Osasu Obayiuwana: No love for the home boys

Since Mexico ’86, when Morocco’s Atlas Lions became the first African side to reach the second round at the World Cup finals, the continent has managed, in the six tournaments that have followed, to maintain an unbroken presence in the knockout stages.

But on the seven occasions that an African team has reached the second round or the quarter-finals, the managers at the helm have come from every other part of the world except – yes, you guessed correctly – Africa.

Brazilian Jose Faria was in charge of Morocco in 1986; Russian Valery Nepomnyashchy led Cameroon to the quarter-finals at Italia ’90; Clemens Westerhof, from the Netherlands, was Nigeria’s coach at their debut in 1994, whilst Frenchman Bruno Metsu was the mastermind behind Senegal’s memorable performance at the 2002 tournament in Korea/Japan.

And in case you’re thinking that I have made some glaring omission in the roll call, I haven’t…

Serbia deserves a special mention, because they hold the distinction of producing the record number of managers – three – that have led African teams to the knockout rounds of the World Cup Bora Milutinovic, with Nigeria at France ’98, Ratomir Dujkovic, at the 2006 finals with Ghana’s Black Stars, and Milovan Rajevac, who picked up from where his compatriot left the Ghanaians, leading them to the quarterfinals at South Africa 2010.

Should Nigeria’s Stephen Keshi or Ghana’s Kwesi Appiah guide their teams to the knockout rounds in Brazil, they’ll make be making history as the first African coaches to do so.

Cote D’Ivoire, Algeria and Cameroon, all managed by Europeans, are clearly excluded from this particular race.

The glaring absence of African managers from this 28-year-old list is a conspicuous reminder of the rather terse relationship that the major national federations across the continent have with them, whenever they opt – grudgingly – for a homegrown coach.

African managers hardly – if ever – get the respect of their employers or get the wages and working conditions given to their Europeans counterparts.

And they have to deal, constantly, with their decisions being scrutinised, often in a brutal, unfair fashion.

With less than a hundred days to the World Cup, when you would expect the Super Eagles to be putting finishing touches to their preparations, relations between Keshi and the Nigeria Football Federation (NFF) are worsening.

Accusing the 2013 Nations Cup winning coach, who successfully led Nigeria through the 2014 World Cup qualifying campaign, of being insubordinate, the NFF has written a letter to Keshi, listing his alleged acts of indiscipline and demanding a written response.

Keshi, who came close to quitting the Nigeria job a year ago, barely 24 hours after winning the Nations Cup in South Africa, over his frustration with what he described as constant interference from key NFF officials, appears to have adopted a fatal attitude, concerning his future with Nigeria, despite his excellent record since taking charge.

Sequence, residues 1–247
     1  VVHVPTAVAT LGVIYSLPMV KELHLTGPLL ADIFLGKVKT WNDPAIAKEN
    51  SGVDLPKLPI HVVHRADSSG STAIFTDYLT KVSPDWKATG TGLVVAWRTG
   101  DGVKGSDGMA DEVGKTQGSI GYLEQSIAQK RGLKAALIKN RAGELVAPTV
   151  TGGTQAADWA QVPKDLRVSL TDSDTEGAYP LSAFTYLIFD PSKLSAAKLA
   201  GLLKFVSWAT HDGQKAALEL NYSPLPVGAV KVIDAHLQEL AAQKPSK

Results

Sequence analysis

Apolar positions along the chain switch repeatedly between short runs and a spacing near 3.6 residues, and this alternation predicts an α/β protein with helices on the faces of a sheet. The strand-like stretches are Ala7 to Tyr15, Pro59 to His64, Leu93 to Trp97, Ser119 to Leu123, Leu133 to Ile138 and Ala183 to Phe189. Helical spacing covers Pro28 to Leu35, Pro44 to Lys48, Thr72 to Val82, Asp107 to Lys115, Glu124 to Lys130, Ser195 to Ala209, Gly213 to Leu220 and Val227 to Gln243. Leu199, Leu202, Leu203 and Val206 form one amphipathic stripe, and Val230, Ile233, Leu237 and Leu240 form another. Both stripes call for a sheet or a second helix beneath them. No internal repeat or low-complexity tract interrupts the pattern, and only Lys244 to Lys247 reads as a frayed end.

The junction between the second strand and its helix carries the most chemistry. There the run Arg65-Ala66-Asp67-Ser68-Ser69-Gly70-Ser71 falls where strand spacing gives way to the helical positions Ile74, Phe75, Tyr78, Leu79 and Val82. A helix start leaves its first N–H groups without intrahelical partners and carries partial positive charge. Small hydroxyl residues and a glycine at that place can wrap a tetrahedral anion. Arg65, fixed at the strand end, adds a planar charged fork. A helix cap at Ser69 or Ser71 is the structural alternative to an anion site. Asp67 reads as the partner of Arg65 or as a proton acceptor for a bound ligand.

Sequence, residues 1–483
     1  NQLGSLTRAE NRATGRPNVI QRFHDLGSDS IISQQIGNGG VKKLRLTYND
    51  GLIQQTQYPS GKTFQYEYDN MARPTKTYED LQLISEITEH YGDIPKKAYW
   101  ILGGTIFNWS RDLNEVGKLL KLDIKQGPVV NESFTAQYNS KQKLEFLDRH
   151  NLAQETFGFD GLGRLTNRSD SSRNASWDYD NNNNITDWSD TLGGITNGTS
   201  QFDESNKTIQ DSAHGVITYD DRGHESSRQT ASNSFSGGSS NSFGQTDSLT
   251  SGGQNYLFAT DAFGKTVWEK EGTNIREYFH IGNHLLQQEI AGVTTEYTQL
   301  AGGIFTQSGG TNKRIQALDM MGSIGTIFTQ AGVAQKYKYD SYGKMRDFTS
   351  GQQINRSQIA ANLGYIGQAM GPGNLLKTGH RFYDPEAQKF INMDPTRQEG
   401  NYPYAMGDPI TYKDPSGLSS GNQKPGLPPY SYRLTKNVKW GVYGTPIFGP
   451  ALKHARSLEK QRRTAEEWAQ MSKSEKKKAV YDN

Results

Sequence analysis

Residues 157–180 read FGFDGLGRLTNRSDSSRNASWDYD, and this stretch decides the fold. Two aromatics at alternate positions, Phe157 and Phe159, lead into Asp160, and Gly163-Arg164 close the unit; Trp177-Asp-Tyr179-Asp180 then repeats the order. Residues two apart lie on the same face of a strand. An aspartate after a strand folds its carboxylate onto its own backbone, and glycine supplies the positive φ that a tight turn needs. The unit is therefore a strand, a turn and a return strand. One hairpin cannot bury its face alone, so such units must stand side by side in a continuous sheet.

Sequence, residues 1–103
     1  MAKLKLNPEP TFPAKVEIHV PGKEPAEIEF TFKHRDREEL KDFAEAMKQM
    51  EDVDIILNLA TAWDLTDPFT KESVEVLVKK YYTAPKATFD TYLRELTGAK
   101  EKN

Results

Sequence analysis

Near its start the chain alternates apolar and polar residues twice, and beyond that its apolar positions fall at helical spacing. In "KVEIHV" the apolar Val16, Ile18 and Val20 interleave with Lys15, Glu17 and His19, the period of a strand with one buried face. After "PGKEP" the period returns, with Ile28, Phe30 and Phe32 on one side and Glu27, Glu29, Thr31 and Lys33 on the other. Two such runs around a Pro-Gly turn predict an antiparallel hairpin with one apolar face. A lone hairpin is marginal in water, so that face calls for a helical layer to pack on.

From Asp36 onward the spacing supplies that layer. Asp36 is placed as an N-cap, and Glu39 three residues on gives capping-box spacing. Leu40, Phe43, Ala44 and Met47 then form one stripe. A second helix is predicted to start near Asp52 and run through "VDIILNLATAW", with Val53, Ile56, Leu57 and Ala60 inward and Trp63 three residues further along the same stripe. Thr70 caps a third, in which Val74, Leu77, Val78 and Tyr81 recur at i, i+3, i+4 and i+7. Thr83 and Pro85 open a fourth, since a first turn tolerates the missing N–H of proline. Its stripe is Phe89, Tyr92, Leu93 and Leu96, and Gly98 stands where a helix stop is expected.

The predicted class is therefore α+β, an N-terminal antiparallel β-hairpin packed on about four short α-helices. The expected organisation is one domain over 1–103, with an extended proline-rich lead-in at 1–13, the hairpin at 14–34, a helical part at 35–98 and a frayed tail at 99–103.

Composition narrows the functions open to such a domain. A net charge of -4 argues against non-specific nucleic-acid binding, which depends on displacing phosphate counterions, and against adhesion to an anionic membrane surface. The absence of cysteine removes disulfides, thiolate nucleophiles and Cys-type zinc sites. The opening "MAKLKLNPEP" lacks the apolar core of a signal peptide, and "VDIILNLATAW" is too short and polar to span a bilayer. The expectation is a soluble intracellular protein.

“This job we have (coaching) is [one] that they hire you today and they fire you tomorrow. I have done my best in my job for Nigeria and if they (the NFF) decide to fire me and bring someone else, so be it,” said Keshi who has been owed wages for several months at a time.

It is a statement that betrays the heightening tension between both sides, at a time when harmony and co-operation is most needed.

Following last year’s Confederations Cup in Brazil, where Nigeria represented the continent, as African champions, NFF president Aminu Maigari made the rather shocking statement that Keshi, as head coach, would no longer have the sole prerogative of picking the national team.

Maigari criticised Keshi for picking certain players for the game against Spain, which Nigeria lost 3-0.

“Spain brought their best players, but we did not. Why would you bring a local (Nigerian league) player to play Spain, on such a big stage?” Maigari asked.

“This is unacceptable. We have experienced players that were not selected and this is where we have to step in.

“The coach doesn’t have the sole responsibility on squad selection. We all have to contribute. This team belongs to 165 million people,” Maigari said.

In response, the former Anderlecht and Strasbourg player did not hesitate to insist on his independence, as any self-respecting head coach would do.

“I’m the coach and I can honestly listen to constructive ideas on how we can improve as a team.

“But no one has to tell me whom to pick and whom not to select. If the team fails, the coach is responsible,” Keshi reminded his employers.

Nigeria will certainly not end its 16-year absence from the World Cup’s knockout stages (the last time they reached the second round was at France ’98), if the relationship between coach and federation deteriorates further.

If Keshi, deservedly voted CAF’s ‘Coach of the Year’ for 2013, is under this intense pressure, the burden on Ghana’s Kwesi Appiah – who will become the first Ghanaian to manage the Black Stars at the World Cup – can only be imagined.

It’s a hard, hard life being an African coach…

Osasu Obayiuwana, a lawyer and BBC broadcaster, as well as the Associate Editor of NewAfrican magazine, is one of the world’s leading journalists on African football. His regular commentary on the state of the African game can also be read at footballisafrica.com. Contact him at moc.l1537570938labto1537570938ofdlr1537570938owedi1537570938sni@a1537570938nawui1537570938yabo.1537570938usaso1537570938

Osasu is also a member of FIFA’s anti-discrimination task force.